Although our trip to Singapore was an enjoyable and fruitful, yet educational one, nevertheless, it should be reiterated here that there was one thing the organizers and the group felt we failed to achieve, and that was our intention and mission to meet face to face with the man whom we have learnt so much about in our everyday “History” lessons!
And that being, meeting the first Prime Minister of Singapore, Mr. Lee Kuan Yew himself. The group in fact had written to the Prime Minister, but at that particular time, Mr. Lee was himself facing a political crisis. Singapore, was then in the process of breaking up with Malaysia. Nevertheless, even though Mr. Lee Kuan Yew was unable to meet with us, he did however advised his Secretary to provide our group all the assistance we required for our visit to Singapore.
As a result, our group of 50 or so youths and organizers, were accorded a fantastic stay at the National Youth Training Centre in Ang Moh Kio, I think, for RM1.40 per day, with breakfast thrown in.
So much my endeavours of travelling in buses in the 1970’s and 80’s. Whether you believe it or not, even up to this day, I still travel quite a lot in buses. Buses anyway, are a layman’s mode of transportation.
Once in every two or three days, I still travel from Klang to Kuala Lumpur. To travel to Petaling Jaya, one has to pay approximately RM1.50 to RM2.50. If one were to stop at Pasar Seni bus station in Kuala Lumpur, then one has to pay a sum of RM3.00.
What buses do I travel on these days? Amongst the buses I frequently use are buses from the Causeway Link Company, Seroma Bus Express, Rapid KL and also not to forget mentioning “Citiliner” bus expresses, owned by the Konsortium Transnational Berhad (KTB). In reality, the purpose of writing this article is not to relate to readers about episodes of my bus travels over the years.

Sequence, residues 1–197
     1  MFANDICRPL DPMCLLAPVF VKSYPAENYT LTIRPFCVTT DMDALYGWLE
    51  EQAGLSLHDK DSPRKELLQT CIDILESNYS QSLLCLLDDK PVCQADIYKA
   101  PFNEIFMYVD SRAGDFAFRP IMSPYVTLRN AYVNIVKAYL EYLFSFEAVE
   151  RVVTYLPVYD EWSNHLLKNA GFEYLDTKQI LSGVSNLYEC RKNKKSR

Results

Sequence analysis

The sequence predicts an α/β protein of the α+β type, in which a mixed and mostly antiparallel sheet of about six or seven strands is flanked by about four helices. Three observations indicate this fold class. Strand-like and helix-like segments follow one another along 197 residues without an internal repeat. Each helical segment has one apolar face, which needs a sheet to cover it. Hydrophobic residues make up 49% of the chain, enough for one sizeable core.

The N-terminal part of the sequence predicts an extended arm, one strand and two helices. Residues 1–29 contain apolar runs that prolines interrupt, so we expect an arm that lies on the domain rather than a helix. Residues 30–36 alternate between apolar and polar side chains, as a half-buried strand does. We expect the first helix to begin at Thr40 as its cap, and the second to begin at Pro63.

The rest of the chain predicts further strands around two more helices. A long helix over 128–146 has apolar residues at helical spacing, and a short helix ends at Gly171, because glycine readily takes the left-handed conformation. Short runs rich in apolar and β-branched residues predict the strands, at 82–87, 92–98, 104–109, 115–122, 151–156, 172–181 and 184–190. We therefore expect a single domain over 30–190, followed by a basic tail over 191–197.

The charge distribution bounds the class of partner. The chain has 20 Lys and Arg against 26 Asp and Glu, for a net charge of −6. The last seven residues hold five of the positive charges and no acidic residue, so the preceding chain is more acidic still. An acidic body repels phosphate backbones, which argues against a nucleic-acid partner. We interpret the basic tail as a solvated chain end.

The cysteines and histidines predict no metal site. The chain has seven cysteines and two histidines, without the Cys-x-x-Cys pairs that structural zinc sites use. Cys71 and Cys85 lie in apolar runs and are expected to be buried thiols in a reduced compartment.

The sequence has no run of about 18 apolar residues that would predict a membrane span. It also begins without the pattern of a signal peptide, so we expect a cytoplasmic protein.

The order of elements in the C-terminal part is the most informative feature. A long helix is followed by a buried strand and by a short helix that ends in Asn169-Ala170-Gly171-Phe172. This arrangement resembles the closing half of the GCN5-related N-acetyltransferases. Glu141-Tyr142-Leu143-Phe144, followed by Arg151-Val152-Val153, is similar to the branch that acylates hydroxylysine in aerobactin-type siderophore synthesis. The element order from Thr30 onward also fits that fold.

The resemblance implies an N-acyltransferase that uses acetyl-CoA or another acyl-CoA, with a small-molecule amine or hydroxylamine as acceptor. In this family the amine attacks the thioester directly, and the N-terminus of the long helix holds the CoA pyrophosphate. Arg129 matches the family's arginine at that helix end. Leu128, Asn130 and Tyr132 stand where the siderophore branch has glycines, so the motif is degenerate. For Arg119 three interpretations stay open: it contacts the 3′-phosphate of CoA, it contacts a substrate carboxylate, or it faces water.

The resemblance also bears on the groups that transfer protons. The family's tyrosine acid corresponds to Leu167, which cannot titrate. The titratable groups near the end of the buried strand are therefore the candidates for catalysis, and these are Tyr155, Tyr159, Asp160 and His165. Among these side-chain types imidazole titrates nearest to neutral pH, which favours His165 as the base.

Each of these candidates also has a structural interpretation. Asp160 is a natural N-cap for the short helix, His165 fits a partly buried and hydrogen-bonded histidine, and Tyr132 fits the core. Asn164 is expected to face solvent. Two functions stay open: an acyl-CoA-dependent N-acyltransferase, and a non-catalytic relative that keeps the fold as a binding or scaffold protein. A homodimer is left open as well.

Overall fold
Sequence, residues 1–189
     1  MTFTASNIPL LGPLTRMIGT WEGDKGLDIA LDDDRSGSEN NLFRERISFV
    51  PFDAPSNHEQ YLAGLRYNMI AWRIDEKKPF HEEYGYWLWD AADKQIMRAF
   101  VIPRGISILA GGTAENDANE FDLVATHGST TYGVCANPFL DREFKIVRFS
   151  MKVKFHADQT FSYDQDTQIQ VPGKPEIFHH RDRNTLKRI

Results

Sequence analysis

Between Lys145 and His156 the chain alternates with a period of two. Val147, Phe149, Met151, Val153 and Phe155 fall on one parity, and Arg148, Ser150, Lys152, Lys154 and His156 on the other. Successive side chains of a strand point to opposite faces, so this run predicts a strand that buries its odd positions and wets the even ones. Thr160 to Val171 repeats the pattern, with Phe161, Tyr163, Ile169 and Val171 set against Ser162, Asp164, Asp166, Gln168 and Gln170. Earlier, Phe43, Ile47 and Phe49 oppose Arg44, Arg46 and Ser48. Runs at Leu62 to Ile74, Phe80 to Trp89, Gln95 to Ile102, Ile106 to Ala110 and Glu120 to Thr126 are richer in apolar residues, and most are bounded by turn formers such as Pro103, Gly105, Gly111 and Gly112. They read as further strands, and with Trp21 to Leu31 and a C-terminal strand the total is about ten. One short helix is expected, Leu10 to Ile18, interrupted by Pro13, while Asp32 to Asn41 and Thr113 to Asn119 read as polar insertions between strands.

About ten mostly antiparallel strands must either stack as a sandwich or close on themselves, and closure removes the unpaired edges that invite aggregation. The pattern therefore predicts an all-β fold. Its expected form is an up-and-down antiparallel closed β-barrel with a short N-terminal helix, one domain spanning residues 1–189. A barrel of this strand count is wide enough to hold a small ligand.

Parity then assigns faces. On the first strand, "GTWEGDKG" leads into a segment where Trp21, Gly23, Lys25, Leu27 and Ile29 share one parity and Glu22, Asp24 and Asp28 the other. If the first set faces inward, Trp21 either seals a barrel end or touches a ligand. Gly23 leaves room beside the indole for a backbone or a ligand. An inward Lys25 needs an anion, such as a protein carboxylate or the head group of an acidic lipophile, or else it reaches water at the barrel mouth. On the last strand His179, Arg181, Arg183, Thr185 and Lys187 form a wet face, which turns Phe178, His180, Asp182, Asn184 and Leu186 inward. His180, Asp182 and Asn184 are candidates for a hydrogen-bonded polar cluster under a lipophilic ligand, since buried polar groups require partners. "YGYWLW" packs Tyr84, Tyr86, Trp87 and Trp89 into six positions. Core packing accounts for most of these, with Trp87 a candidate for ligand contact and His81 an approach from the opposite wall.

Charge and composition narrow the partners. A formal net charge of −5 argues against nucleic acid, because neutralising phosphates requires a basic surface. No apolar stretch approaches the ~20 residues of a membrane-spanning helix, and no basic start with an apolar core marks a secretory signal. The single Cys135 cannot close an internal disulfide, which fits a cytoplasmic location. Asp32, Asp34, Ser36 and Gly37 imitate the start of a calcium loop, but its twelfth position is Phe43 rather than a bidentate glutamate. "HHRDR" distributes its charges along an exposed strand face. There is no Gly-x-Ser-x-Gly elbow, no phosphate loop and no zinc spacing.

It is in fact to highlight the woes facing bus companies, especially “Citiliner” buses. Citiliner buses services in Selangor, with effect 13th December, 2011. The Konsortium Transnational Berhad or KTB, is in the process of seeking the Selangor state government’s assistance.
According to KTB, the Company is reported to be incurring a loss of some RM8 million per year. Unless and until the Selangor government extends KTB some form of help, the public or “rakyat” will be the ones who will suffer.
The question the public would be asking is, should or should not the Selangor state government throw the Konsortium Transnational Berhad, the “life line” that it needs. Well, Menteri Besar, Tan Sri Khalid Ibrahim, how about it? What do you think?
Concerning the dilemma that is faced by bus companies these days, the STAR daily newspaper in its editorial, did a write up. The editorial reiterated that “quality bus services in this country is but still a pipe dream”.
The STAR editorial further continued, in the interest of ordinary folks who depend on buses to move around, the current matter has to be sorted out as soon as possible. In short, the interest of the people or “rakyat” should be accorded due consideration.
However, this is only a short term solution. The long term objective is for all bus operators to sit down together and develop a strategy for the future. Bus companies should come up with a programme whereby punctuality is emphasized. Besides that, reliability should be taken into account. Efficiency of bus companies is also an important consideration which should also not to be forgotten. All in all, it is important to keep the buses running.
The authority that is responsible for the bus companies’ welfare, that is the Land Transport Commission (SPAD), must do the correct thing for now. The bus operators on the other hand, must work out a long term solution. If the present bus woes is done right, the number of commuters will, without a doubt increase. The money will then flow in.
The pipe dream of an efficient and profitable bus service will then become a “reality”! The public would then be the ones to benefit tremendously from this success.